DES MOINES, Iowa (AP) — As lawmakers struggle to complete their work and adjourn the legislative session, some wonder whether the best way to deal with a contentious health debate is to skip the matter for now and hold a special session later.
It's been seven years since the Legislature held a special session, but they have been used sporadically over the years to address complex issues. The last time was in 2006, when the legislature returned in July to override a veto from then-Gov. Tom Vilsack of a bill that put new restrictions on the ability of local governments to seize private property. Other special sessions have dealt with tax votes and budget cuts.
In the past 50 years, lawmakers have joined for 15 special sessions. There were five years when two special sessions were called.
This time, some lawmakers think a discussion over whether to expand Medicaid may be too complicated to finish in the coming days in addition to work on taxes and education policy. Delaying the health care issue would allow for further debate among legislative leaders and the governor, with the full legislature called back when a compromise had been struck.
Lawmakers also received their final daily expense payments on May 3, so many are also eager to conclude the session.
House Speaker Kraig Paulsen, R-Hiawatha, said this week that he doesn't want to rush this process.
"It is more important to get it right than it is to get it fast. We want to be sure when we pass something it works for all of Iowa," Paulsen said.
SIOUX CITY, Iowa (AP) — The beef-processing company that makes the product that critics call "pink slime" continues to struggle more than a year after the initial stories on the lean bits of beef that Beef Products Inc. produced.
The Sioux City Journal reports (http://bit.ly/15YXsIhhttp://bit.ly/15YXsIh ) the Dakota Dunes, S.D., based company lost 80 percent of its business after the uproar over what BPI calls lean finely textured beef.
The meat BPI separated from trimmings and treated with ammonia to kill bacteria was widely used in hamburger, but consumers objected to it after media reports depicted it as unsavory.
The private company closed three of its four plants, scrapped expansion plans in South Sioux City and eliminated more than 700 jobs. Those won't return soon.
DES MOINES, Iowa (AP) — A woman who used to work for the Iowa Senate Republican Caucus says she was fired after reporting sexual harassment, but GOP officials deny that.
Kirsten Anderson told WHO-TV in an interview that aired Sunday that she was fired Friday several hours after complaining about harassment from lawmakers and staffers. She had been communications director for the caucus.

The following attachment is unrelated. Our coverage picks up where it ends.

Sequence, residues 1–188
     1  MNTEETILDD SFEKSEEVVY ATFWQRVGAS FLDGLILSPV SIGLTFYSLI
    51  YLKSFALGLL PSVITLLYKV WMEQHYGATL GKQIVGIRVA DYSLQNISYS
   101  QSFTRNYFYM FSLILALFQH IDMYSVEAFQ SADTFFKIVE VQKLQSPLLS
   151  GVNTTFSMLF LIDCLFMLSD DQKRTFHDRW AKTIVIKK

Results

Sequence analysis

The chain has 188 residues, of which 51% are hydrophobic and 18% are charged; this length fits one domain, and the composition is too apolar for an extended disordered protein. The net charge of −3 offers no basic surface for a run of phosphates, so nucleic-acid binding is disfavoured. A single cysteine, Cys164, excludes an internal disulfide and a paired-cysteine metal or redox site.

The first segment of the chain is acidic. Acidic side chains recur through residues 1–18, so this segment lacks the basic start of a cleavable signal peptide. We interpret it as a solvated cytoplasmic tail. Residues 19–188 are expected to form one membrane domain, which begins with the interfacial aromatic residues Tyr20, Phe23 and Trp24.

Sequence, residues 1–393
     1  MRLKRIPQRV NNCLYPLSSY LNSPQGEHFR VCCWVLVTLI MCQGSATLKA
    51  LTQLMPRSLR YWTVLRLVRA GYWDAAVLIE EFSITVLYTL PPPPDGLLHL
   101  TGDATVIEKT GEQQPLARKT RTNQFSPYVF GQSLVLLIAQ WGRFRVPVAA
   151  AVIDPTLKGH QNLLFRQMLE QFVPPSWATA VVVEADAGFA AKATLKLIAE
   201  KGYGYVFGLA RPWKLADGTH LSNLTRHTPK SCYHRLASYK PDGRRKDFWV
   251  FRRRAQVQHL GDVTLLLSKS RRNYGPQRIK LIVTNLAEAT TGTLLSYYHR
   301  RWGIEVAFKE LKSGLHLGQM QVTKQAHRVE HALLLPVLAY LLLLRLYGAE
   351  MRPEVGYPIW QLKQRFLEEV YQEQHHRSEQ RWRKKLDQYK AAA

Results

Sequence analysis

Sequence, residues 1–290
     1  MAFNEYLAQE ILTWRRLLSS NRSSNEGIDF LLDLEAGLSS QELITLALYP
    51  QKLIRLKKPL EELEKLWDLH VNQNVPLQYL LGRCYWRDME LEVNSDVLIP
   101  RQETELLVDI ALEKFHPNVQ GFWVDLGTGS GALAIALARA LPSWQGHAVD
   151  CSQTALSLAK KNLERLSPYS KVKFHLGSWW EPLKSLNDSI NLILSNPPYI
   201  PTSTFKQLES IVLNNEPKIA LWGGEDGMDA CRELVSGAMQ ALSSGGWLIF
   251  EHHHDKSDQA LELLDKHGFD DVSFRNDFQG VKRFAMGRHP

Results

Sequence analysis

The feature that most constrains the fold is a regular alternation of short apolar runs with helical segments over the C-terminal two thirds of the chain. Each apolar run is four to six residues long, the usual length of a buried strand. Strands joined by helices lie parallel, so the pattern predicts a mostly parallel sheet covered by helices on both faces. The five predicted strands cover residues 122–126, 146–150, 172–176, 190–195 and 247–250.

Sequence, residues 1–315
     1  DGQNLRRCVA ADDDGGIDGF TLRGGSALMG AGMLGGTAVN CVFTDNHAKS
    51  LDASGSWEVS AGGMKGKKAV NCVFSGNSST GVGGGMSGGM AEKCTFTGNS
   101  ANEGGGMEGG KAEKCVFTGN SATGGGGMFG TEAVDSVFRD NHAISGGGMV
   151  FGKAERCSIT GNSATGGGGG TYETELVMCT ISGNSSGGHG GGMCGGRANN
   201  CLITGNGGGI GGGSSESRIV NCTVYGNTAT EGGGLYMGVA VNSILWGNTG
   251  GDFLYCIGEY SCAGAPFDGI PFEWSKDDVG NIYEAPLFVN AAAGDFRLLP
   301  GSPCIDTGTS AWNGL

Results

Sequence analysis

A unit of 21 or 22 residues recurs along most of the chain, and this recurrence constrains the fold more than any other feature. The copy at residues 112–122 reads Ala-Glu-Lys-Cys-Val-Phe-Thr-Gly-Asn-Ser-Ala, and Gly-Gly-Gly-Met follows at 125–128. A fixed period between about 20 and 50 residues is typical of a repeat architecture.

Anderson says she provided documentation about the harassment to Republican leaders Friday and asked for their help in improving the environment.
Ed Failor Jr., who is an assistant to Senate Republican Leader Bill Dix, says Anderson was fired for failing to improve her performance.
Failor says Dix and other GOP leaders do not tolerate sexual harassment.
ARNOLDS PARK, Iowa (AP) — A northeast Iowa amusement park is reopening a historic roller coaster after a $250,000 rehabilitation of the attraction.
The Legend Roller Coaster roared back to life Saturday at the Arnolds Park Amusement Park, overlooking Lake Okoboji.
The Sioux City Journal reports (http://bit.ly/15YEjWIhttp://bit.ly/15YEjWI ) crews spent eight months on the quarter-million dollar renovation of the 1927 roller coaster. The park says it's the 13th oldest operating wooden roller coaster in the country.
Workers replaced wood supports, raised low points in the track and made repairs to concrete footings.
Mike May, of Spirit Lake, got an early ride on Thursday. The 68-year-old has been riding the coaster since he was 15 and says the ride is now much smoother.
Information from: Sioux City Journal, http://www.siouxcityjournal.comhttp://www.siouxcityjournal.com
DES MOINES, Iowa (AP) — Raygun owner Mike Draper was wandering through the halls and classrooms of Roosevelt High School a few weeks ago, gathering information about the current state of local education.
"I have no huge sinister goal," he said. "Yet."
Now that's a promo.
The Des Moines Register reports (http://dmreg.co/182fXJbhttp://dmreg.co/182fXJb ) Draper, 30, isn't alone in his quest for knowledge. He was joined by Nadas musician Jason Walsmith, 38, and Voss Distributing owner Zac Voss, 36, as part of an effort put together by the Des Moines Education Association. The goal is to bring a diverse set of minds together to experience first-hand what school is all about these days. They were immediately debriefed by the DMEA's president at day's end and the reconnaissance work could turn into recommendations by the group of young professionals for improving creativity in students.
Other Des Moines young professionals will enter middle- and elementary-school settings before school is finished for the summer. Call it phase one of an invitation patterned after what is already happening in Cedar Rapids: Giving unique local voices the opportunity to impact educational excellence.
"When we advocate for issues, we need to have a shared vision with parents and community members rather than just a guess," said Andrew Rasmussen, president of the DMEA. "The novelty of this is that we are opening up the door for conversation and not coming up with a prescribed list of things we want people to accept."
Voss' return to the high school was, in fact, a return to his own alma mater. He sat in several different classrooms throughout the morning while shadowing students and their activities.